SEC inspector general probing agency's handling of Madoff fraud
Friday, March 4, 2011; 10:31 PM
When an 85-year-old social worker named Dorothy G. Becker died in 2004, her obituary noted her teaching, her dedication to the poor and her passion for painting. There was no sign that the will she left behind would spawn political recriminations and Washington investigations focused on the leadership of the Securities and Exchange Commission.
But included in her estate was a $2 million account with Bernard L. Madoff. And when one of her heirs, her son David, later took a top job at the SEC, he would play a role in addressing Madoff's giant Ponzi scam.
On Friday, the SEC's inspector general said he had opened a probe into whether the SEC had mishandled a potential conflict of interest in responding to the Madoff affair. The action by H. David Kotz came days after congressional Republicans began pressing SEC Chairman Mary Schapiro to account for what she knew and did about the alleged conflicts.
Members of Congress are accusing the SEC of turning a blind eye to potential ethical pitfalls when it allowed David M. Becker to help frame its response to the fallout from the Madoff fraud. The House's most powerful investigator, Rep. Darrell Issa (R-Calif.), has added the issue to his high-stakes agenda.
In a letter Friday to Becker, the lawmakers said, "It is difficult to understand how you and other SEC officials would not realize the strong appearance of impropriety created by your participation in Madoff matters after receiving proceeds from a Madoff account."
The story of Becker's inheritance shows how sparks can unexpectedly ignite into politically charged Washington scandals. It has also prompted questions as to how rigorously the SEC has reformed itself since 2008, when the failure to expose Madoff's Ponzi scheme became a searing humiliation.
For Schapiro, who took office after Madoff was arrested, the concerns about Becker have added an unwelcome challenge at a difficult time. Schapiro has vowed to reform the agency, and she has her hands full putting in place new measures required by the financial reform law enacted by Congress last year.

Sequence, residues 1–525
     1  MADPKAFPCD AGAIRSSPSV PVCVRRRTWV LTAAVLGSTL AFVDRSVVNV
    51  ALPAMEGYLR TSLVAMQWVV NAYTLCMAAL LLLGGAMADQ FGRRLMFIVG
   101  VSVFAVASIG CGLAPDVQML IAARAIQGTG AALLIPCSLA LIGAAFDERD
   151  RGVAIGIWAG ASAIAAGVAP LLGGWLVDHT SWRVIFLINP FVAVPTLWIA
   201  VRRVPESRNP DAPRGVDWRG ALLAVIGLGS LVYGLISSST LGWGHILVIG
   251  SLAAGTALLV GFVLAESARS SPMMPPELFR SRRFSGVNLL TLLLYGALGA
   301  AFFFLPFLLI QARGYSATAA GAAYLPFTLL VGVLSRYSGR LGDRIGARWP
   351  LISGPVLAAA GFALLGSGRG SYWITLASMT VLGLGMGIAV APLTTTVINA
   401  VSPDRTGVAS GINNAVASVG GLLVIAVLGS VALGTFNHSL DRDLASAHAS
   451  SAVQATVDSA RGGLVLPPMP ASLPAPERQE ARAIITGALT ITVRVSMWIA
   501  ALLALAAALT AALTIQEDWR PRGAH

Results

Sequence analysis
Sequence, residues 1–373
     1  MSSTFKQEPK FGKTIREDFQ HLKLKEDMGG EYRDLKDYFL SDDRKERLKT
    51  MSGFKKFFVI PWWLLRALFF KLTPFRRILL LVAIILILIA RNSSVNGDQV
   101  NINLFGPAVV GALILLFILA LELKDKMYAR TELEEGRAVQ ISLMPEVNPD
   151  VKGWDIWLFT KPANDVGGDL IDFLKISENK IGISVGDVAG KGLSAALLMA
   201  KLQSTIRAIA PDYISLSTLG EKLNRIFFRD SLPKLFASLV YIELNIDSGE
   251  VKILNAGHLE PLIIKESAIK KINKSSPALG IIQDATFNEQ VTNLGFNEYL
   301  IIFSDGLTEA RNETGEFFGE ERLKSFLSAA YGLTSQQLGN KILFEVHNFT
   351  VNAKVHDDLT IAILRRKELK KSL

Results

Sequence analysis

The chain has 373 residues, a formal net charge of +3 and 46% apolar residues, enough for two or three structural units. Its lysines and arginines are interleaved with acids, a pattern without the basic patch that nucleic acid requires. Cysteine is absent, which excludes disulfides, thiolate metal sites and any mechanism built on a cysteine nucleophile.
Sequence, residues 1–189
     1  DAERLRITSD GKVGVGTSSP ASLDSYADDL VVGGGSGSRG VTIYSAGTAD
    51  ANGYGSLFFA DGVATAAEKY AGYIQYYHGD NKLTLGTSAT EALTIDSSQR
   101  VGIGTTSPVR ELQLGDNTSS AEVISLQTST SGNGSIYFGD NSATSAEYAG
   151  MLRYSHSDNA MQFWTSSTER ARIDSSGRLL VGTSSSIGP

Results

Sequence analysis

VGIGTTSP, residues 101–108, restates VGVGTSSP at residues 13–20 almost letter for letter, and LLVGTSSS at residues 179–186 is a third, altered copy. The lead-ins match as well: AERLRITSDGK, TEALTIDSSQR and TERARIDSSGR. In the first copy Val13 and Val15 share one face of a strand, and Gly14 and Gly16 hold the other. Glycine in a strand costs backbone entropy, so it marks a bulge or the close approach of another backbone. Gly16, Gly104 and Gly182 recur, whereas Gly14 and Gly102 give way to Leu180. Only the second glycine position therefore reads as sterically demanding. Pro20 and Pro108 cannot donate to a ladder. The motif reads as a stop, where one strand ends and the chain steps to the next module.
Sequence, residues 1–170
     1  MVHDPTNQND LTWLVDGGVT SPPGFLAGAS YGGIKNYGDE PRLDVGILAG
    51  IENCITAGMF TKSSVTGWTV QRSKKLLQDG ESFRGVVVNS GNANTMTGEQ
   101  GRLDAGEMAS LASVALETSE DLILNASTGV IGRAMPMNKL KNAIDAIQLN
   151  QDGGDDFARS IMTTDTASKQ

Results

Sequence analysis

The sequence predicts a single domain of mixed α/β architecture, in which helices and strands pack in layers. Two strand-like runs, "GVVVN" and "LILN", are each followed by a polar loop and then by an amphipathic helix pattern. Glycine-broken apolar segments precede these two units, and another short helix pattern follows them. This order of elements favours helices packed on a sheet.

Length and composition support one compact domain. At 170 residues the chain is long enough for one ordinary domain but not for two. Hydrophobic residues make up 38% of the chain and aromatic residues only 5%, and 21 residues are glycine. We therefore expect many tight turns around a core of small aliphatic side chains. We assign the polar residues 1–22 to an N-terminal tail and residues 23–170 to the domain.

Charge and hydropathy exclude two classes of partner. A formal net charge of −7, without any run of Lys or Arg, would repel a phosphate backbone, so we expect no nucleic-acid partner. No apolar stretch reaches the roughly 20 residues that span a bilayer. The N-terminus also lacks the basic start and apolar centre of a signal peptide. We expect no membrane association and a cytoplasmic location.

The Becker matter has given critics of the SEC a new club to bludgeon the agency at a time when Congress is looking to cut the budgets of federal agencies. SEC leaders warn that a lack of funding could compromise the policing of Wall Street.
SEC spokesman John Nester said Schapiro asked the inspector general to review the Becker matter "to ensure an independent gathering and analysis of the relevant facts."
Issa and Sen. Charles E. Grassley (R-Iowa) have given her until 5 p.m. Monday to answer 35 detailed, multiple-part questions about the Becker matter. The interrogatories bear more than a faint echo of the Watergate refrain: What did she know and when did she know it?
For Becker, who is returning to the private sector after ending a second tour of duty at the SEC a week ago, the brouhaha has clouded what might otherwise have been a triumphant exit. He spent his last day as an SEC employee answering questions on Capitol Hill from staff members of Issa's Committee on Oversight and Government Reform and the Senate Judiciary Committee.
Becker first worked at the SEC from 1998 to 2002 as deputy general counsel and then general counsel. He was described by former SEC chairman Arthur Levitt in an interview as "scrupulously honest, sensitive and intelligent . . . a very wise man."